The Birth of the Bowlers Journal Tournament

March 5th, 2013  |  Published in History of Bowling, Inside Line

After Buffalo in 1946, the American Bowling Congress Championships Tournament made its first journey to the West Coast. Predictably, the 1947 event in Los Angeles, then considered a distant outpost in the bowling world, produced a smaller-than-average entry — just 3,356 teams.

But my dad, Mort Luby Sr., had one of his greatest brainstorms under all those California palm trees: He invented the Bowlers Journal Championships.

Up until that time, BJ’s circulation was a dicey proposition. My father would run a subscription booth at all major tournaments, but there was no sustained marketing effort to pump up the readership. So it was a pivotal moment in the history of the company when he came up with the concept of including a subscription in every entry fee in his new tournament.

His plan was to run a five-game singles sweeper at a nearby commercial center during the ABC Tournament. He advertised the event in his own magazine and made extravagant promises in the editorial columns. He hired a nationally celebrated bowler, former ABC all-events titlist Max Stein, to run the show. He chose the famed 52-lane Sunset Bowling Center — situated on the Warner Brothers lot on Sunset Boulevard in Hollywood — as the venue. And he worked harder than ever before.

“I’ll never forget seeing your father walking up and down the ABC concourse, handing out flyers and chatting up every soul he saw,” Joe Norris, who worked the tournament for Brunswick, told me years later. “He really worked the floor.”

While the tournament was a great idea, it triggered one of the worst crises in Luby’s career. Stein attempted to cook the books, and line his own pockets, by inserting fake names and scores.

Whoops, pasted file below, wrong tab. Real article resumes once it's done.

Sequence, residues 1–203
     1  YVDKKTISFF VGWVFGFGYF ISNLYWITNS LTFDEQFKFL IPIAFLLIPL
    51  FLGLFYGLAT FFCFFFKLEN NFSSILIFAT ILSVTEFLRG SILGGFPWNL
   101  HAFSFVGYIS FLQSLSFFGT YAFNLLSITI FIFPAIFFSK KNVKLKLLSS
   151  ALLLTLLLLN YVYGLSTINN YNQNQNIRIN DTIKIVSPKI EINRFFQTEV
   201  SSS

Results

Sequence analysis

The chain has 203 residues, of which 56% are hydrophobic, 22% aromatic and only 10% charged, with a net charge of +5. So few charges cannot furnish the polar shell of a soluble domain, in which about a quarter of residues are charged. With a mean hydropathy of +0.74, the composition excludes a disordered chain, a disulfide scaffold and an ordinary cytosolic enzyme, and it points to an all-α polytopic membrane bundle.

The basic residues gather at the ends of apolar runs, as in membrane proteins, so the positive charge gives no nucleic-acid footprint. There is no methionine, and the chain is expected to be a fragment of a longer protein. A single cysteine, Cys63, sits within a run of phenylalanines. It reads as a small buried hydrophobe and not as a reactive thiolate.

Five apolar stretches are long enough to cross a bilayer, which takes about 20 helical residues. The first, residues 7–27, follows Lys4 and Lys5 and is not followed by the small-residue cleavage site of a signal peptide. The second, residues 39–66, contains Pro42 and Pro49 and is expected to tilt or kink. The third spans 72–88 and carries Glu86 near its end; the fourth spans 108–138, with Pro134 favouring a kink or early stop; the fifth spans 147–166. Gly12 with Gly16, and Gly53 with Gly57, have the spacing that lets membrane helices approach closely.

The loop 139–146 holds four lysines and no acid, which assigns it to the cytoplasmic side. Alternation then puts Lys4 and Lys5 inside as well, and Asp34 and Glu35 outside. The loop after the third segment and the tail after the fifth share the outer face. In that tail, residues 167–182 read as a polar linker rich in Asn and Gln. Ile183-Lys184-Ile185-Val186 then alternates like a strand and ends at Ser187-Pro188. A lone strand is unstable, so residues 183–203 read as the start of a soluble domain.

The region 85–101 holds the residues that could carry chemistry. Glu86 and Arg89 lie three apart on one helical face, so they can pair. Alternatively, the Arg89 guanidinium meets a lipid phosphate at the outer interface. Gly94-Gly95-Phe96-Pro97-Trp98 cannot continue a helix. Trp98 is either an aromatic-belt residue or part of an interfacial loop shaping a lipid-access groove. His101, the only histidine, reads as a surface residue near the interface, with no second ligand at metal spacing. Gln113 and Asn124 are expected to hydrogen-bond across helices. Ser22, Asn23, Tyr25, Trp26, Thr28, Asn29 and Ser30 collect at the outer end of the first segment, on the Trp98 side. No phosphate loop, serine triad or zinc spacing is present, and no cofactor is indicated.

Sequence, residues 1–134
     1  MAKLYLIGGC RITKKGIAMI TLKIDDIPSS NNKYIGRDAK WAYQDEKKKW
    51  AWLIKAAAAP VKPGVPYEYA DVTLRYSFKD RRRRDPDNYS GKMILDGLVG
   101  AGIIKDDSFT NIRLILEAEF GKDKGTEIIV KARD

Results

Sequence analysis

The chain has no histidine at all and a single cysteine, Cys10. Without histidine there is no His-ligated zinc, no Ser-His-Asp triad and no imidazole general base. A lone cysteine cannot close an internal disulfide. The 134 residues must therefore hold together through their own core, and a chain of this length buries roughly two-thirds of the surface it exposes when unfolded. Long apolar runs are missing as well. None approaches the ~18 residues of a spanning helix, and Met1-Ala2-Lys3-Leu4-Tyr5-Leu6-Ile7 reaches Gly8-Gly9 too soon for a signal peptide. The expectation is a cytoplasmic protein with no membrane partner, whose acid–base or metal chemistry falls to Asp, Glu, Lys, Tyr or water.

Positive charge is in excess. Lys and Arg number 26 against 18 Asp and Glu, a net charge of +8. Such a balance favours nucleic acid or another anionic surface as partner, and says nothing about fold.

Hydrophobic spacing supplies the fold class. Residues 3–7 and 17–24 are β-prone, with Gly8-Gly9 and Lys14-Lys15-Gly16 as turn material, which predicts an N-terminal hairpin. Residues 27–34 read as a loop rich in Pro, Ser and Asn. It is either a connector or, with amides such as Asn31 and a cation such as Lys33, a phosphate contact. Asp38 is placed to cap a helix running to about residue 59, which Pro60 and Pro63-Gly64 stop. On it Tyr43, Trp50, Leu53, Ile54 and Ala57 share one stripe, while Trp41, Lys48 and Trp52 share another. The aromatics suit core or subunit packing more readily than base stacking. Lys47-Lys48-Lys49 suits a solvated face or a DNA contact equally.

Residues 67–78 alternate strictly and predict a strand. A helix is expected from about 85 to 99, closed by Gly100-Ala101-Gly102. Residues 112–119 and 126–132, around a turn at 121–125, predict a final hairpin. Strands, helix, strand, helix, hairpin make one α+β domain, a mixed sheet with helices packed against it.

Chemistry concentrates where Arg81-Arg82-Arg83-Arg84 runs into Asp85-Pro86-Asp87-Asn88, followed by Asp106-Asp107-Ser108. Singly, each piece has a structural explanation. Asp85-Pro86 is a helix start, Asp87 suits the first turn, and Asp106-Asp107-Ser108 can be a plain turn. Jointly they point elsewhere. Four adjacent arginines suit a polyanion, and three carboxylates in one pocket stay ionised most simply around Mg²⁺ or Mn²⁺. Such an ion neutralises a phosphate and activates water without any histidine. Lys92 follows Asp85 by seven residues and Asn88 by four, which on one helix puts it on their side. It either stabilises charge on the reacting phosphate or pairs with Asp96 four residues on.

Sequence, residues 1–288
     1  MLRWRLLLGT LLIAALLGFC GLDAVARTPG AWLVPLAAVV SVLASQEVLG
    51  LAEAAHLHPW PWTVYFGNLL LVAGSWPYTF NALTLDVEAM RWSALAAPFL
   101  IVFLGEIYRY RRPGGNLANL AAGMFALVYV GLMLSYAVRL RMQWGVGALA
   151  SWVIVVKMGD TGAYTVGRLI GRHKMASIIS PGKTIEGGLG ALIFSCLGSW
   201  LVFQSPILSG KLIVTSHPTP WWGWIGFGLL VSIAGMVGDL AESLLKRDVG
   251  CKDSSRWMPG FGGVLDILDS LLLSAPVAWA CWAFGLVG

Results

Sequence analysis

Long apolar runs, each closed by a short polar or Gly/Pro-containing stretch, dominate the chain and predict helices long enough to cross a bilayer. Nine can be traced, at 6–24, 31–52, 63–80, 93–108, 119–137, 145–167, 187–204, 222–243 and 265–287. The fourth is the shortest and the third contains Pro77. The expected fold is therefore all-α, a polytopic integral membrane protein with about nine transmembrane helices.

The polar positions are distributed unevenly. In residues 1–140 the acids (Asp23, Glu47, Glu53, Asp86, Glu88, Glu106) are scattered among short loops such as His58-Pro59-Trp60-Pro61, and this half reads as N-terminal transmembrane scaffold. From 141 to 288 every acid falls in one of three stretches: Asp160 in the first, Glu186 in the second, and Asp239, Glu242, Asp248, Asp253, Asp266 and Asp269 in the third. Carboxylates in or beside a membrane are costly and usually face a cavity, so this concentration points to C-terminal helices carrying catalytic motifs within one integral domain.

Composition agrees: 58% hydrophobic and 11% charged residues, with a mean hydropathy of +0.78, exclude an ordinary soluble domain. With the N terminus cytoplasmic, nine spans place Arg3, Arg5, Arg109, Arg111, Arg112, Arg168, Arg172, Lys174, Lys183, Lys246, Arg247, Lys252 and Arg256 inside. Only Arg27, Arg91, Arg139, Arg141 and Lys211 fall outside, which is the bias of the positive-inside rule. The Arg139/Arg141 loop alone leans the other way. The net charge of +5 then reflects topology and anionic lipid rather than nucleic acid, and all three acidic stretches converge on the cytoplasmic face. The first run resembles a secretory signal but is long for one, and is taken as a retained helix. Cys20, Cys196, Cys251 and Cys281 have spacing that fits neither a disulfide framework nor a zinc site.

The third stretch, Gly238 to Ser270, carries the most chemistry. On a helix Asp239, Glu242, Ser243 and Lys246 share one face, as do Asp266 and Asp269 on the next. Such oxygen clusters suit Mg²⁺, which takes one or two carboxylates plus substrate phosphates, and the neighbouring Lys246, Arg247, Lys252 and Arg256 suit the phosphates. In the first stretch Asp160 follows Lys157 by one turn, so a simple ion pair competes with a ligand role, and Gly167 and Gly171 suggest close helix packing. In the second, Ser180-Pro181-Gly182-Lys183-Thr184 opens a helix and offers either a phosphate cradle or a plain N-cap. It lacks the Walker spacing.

But he made a serious error when he listed the hometown of some of those bogus entries as Detroit. Norris, who knew virtually everyone in the Motor City bowling community, was puzzled. Who were these guys bowling these big scores? And why hadn’t he ever heard of them?

Joe reported his suspicions to Luby, and the plot soon was uncovered. Rather than attempt to cover up the malfeasance in his tournament, Luby put the story on the Associated Press and United Press national wires. And he disclosed every detail of Stein’s attempted deception in Bowlers Journal.

His courage in reporting the attempted theft was rewarded in many ways. His fellow bowling writers gave him a special award. And the first tournament proved to be a mighty success, drawing 1,700 entries and paying out $24,270 in prizes, remarkable numbers for those days.

Luby also used his expose on the BJ tournament to boost some of his other agendas.

“Perhaps the national publicity which has been attached to the expose of the ‘BJ’ tourney will help to protect other prize lists from fraudulent acts,” he wrote in an editorial in the June 1947 issue. “It is surely a strong argument for the American Bowling Congress’ suggestion of sanctioning for all tournaments and sweepstakes. Such a sanction would make unethical tournament managers think twice before attempting to embezzle prize money.”

The ABC eventually suspended Stein. Many years later, after he finally was reinstated, Stein walked into the ABC pressroom, introduced himself to me and said, “Someday, I’m going to tell you what really happened at Sunset Bowl.”

Joe Norris happened to overhear the exchange. “Forget it,” he said. “That guy was guilty as sin.”

Sixty-odd years later, the BJ tournament was still going strong. Although the format and management were altered over the years, it remains one of the country’s largest and most prestigious tournaments.

Next month: an education in the trenches.

Comments are closed.


MediaButton letsgobowling